Pilot whales leave Loch Carnan following death
A pod of more than 60 pilot whales, at risk of beaching, has again left a Hebridean loch after one of them died.
The animals had left the shallow waters of Loch Carnan in South Uist on Saturday, however returned during the night when the beaching took place.
A post-mortem examination suggested the young female died from a disease, not because it was stranded on rocks.
Marine experts said the rest of the pod had now left the loch and appeared to be heading south.
Dr Andrew Brownlow, who carried out the autopsy, said the whale showed signs of having suffered a serious disease and its injuries were not bad enough to have killed it.
That could indicate that head injuries suffered by a number of other members of the group are not life-threatening.
Rescue teams have been searching the islands and inlets of the loch but have not found any other whale carcasses.
The British Divers Marine Life Rescue team has now been forced to withdraw due to worsening weather conditions.
The team is planning to leave South Uist on Monday but will leave behind essential kit, in case the whales are seen close to the shores of the island over the next few days.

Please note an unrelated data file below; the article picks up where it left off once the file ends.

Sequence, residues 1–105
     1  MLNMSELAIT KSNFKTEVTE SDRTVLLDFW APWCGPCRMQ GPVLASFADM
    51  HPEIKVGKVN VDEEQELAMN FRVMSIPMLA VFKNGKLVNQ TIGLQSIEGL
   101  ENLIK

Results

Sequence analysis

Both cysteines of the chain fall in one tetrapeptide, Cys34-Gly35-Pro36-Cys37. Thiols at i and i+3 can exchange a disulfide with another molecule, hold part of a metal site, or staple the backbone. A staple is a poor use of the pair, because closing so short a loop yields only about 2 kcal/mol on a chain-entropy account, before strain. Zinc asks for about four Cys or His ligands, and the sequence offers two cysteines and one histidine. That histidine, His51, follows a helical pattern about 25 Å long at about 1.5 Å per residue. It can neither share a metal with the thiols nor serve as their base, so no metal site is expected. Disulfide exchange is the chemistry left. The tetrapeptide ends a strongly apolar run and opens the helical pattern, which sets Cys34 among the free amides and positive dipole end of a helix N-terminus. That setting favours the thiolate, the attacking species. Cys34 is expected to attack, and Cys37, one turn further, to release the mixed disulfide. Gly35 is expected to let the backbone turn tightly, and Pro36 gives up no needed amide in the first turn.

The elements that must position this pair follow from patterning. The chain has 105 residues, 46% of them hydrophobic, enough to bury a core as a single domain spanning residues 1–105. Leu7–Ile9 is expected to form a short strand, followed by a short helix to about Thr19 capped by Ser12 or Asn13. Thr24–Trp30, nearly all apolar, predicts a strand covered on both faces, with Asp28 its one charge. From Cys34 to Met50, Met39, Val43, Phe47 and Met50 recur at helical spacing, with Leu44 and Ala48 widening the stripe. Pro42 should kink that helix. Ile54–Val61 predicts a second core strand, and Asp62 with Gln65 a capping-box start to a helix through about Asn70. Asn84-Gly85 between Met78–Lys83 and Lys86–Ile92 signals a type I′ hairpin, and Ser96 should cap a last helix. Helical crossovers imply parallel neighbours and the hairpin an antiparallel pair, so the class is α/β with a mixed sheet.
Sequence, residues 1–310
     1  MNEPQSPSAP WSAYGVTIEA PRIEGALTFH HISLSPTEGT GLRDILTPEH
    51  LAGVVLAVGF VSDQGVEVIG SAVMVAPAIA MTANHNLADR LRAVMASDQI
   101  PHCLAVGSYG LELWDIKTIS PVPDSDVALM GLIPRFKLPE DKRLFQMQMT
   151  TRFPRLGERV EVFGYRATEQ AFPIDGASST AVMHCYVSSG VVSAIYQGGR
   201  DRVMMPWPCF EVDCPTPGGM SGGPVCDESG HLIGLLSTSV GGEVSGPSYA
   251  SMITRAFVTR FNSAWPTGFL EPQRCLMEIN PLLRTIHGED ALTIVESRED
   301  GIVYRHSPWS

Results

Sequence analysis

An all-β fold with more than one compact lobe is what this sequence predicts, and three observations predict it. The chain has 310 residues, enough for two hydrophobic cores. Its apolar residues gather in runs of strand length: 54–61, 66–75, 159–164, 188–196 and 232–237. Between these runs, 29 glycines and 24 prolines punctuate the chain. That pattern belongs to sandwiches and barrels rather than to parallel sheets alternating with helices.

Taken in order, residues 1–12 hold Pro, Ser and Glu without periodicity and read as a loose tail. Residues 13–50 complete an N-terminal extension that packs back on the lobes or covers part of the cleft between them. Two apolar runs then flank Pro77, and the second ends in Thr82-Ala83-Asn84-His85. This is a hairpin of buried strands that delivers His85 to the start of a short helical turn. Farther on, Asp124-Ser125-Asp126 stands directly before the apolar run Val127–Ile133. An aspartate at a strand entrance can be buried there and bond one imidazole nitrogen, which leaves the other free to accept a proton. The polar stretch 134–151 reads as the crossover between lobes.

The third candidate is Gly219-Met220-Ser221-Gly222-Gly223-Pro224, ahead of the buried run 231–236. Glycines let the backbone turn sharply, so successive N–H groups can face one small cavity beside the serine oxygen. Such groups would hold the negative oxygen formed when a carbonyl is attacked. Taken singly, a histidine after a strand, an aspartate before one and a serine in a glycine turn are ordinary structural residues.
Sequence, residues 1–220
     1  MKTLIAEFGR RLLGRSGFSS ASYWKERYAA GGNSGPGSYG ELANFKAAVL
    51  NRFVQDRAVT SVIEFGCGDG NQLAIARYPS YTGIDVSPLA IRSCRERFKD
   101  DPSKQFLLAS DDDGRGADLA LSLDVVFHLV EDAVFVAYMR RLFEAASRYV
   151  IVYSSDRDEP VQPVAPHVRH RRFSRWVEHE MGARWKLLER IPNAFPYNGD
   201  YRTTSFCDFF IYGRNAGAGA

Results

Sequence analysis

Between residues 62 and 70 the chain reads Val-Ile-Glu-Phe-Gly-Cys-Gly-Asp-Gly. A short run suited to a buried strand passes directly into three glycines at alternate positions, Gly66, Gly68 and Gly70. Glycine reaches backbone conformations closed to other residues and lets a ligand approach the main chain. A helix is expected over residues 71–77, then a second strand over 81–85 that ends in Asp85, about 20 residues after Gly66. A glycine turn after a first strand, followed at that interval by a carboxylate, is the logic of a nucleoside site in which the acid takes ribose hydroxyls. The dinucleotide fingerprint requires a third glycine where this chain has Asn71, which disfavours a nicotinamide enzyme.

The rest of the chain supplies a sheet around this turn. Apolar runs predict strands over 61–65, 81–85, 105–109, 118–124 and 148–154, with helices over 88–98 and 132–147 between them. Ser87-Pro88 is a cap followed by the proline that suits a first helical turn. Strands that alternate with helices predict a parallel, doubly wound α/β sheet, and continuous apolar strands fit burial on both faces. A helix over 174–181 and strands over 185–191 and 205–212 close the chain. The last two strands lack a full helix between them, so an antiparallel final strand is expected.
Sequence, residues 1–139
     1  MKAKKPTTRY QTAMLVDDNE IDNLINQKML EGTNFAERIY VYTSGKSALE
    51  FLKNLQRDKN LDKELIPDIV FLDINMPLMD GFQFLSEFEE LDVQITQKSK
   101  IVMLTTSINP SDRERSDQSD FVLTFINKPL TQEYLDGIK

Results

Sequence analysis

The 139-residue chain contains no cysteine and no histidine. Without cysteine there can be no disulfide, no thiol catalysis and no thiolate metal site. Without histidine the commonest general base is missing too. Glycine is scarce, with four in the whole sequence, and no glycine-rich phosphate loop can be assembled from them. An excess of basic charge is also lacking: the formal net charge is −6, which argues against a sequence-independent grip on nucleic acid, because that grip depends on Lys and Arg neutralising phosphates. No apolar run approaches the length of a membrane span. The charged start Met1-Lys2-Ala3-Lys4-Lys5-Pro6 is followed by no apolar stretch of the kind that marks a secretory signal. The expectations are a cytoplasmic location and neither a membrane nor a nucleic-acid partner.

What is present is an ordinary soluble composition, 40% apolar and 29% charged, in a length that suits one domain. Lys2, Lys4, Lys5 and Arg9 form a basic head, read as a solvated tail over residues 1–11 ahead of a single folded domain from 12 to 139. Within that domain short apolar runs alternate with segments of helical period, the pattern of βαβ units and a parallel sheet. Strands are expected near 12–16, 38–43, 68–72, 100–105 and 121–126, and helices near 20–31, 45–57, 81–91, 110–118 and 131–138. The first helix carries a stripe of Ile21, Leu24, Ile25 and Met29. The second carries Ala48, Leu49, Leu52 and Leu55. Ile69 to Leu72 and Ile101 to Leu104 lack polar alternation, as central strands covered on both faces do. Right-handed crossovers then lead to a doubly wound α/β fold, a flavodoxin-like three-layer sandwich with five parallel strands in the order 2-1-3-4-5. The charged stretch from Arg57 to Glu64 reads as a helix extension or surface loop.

The whales were first spotted around Loch Carnan on Thursday, sparking fears that they would perish in a mass stranding.
There had been concerns after about 20 of the pod were spotted with head injuries, thought to have been sustained while in the shallow water.
The Scottish government lent rescuers a fisheries protection boat to follow the animals' movements.
Alisdair Jack, Scottish National Organiser of the BDMLR, said: "The reasons why whales beach themselves is not known, however illness can be a factor.
"We are hopeful that the remaining members of this pod have now left the vicinity and moved out to sea.
"The support provided by the Scottish government, and by the MPV Hirta in particular, have been very much appreciated by the BDMLR."
Environment Minister Stewart Stevenson said: "I am pleased to hear that the pod has left the loch and hope they remain in deeper waters.
"The loss of life is very unfortunate but a number of teams working together in South Uist have ensured that a greater tragedy has been averted.
"Given the death of one whale, and clear injuries to a number of other animals, the MPV Hirta will continue to search for the pod and provide monitoring assistance."
At the end of October last year, some pilot whales almost got stranded in the same sea loch. Less than a week later, 33 whales, believed to be the same group, were found dead on a beach in County Donegal in the Irish Republic.
Pilot whales prefer deep water but come inshore to feed on squid, their main food.
Last week a pilot whale died on Sunday morning after getting stuck in the Sullom Voe inlet in Shetland. An autopsy was carried out on the animal to try to establish why it died but the results are not yet known.